Students walking under a silver balloon arch that reads O-Week.

New students: Get the lay of the land at UTM

Tuesday, August 30, 2022 - 1:55pm
Sharon Aschaiek

For students who are new to U of T Mississauga, it’s easy to feel overwhelmed amidst all the processes to complete, deadlines to meet, and buildings and services to navigate.

But UTM’s comprehensive orientation program is designed to make sure you don’t feel alone, and have the knowledge and support you need to successfully transition to your new learning environment.

“Our goal is to fast track students’ knowledge of the UTM landscape, their understanding of the various departments and units, where to go to get their questions answered, and that they feel part of the community,” says Jackie Goodman, manager of orientation, transition and engagement at the Centre for Student Engagement.

Incoming new students at UTM are placed into one of 12 communities called “EagleSquads” (a nod to UTM’s Eagle mascot) according to their admit post, or general academic area. These squads are housed in Quercus, U of T’s online learning management system, where students receive important information provided by EagleConnect, the university’s pre-arrival transition program.

Two students stand in front of a large connect 4 game on a grassy area.
Students take in some games during 2018 orientation week. (File photo)

EagleConnect’s weekly modules feature videos, links, deadlines and interactive features on a different aspect of being a UTM student, such as course information, fees and finances, navigating campus, being an engaged student and wellness resources. Quercus is also where students can meet and get to know other students through synchronous activities. Students can also directly interact with their squad leader—typically an upper-year student or recent graduate—to ask questions and gain first-hand insights on learning and life at UTM.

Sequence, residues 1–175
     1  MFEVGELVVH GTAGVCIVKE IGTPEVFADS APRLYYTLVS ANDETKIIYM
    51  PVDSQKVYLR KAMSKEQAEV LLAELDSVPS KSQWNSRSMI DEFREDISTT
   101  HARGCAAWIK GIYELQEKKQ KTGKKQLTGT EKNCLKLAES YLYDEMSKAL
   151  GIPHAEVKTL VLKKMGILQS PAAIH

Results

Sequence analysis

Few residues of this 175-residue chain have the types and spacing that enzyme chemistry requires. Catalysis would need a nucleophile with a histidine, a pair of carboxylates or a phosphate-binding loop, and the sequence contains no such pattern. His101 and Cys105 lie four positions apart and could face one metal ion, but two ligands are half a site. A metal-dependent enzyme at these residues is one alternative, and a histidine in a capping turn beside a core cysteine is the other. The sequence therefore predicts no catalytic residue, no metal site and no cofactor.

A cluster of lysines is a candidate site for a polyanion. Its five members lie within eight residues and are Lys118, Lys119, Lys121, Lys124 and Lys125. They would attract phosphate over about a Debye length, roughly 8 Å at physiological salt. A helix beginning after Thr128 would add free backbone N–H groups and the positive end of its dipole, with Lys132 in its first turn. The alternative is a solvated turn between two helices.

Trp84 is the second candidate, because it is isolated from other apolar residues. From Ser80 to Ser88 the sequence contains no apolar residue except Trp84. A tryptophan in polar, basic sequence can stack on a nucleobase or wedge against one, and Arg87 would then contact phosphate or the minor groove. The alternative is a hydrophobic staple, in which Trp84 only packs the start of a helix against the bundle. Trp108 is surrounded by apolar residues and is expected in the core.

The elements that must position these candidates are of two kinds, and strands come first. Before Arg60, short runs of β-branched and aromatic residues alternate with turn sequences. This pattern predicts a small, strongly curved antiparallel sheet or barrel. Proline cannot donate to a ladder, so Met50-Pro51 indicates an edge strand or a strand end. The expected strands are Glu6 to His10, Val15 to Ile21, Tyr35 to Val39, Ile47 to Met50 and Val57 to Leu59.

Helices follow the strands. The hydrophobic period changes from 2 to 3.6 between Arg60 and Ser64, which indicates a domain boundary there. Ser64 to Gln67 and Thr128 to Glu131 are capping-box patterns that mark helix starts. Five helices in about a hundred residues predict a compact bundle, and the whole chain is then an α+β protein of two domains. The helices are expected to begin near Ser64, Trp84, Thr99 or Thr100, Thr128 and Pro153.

“It’s about offering that personal touch,” says squad leader Sanjana Sundar, who graduated this year from UTM’s Digital Enterprise Management program. ”We’ve been through this, we were there. It’s about demystifying the whole process…and helping students feel more confident and prepared with everything they need to start their year.”

Headstart is another UTM orientation initiative that helps students meet the expectations of a university education. This week, the program will run several interactive online learning sessions on topics such as effective note-taking, writing lab reports, succeeding at math and academic integrity.

Another key way UTM helps new students acclimate is through EagleOrientation, which runs informational and social events from July to September to help students connect with their peers and become more familiar with campus services and supports. These include live and virtual events such as workshops on time management and manifesting a success-oriented mindset, hangouts focused on holistic health, and activities to welcome Black, queer and international students, students participating in UTM’s joint program with Sheridan College, and the families of first-year students.

A major part of EagleOrientation will happen on campus from Sept. 6 to 8, when students will get to tour campus, become introduced to their academic departments and professors, and explore ways to be an active UTM student at an involvement and resource fair. On Tuesday, Sept. 6, a specialized orientation will take place for international students.

During this time period, students will also hear an inspiring keynote speech by UTM graduate and spoken word poet Wali Shah, enjoy a barbecue and attend a carnival. The last of these is a paid admission event that is part of UTM Student Union’s own week-long orientation programming, and will include rides, games and snacks.

“We want to help students be reflective about and engaged in their learning, to think about who they want to be and what they want this experience to be like,” says EagleOrientation leader and UTM graduate Tiara de Konig, who this year earned an undergraduate degree in psychology and sociology. “A university education is so rich, but it is what you make it.”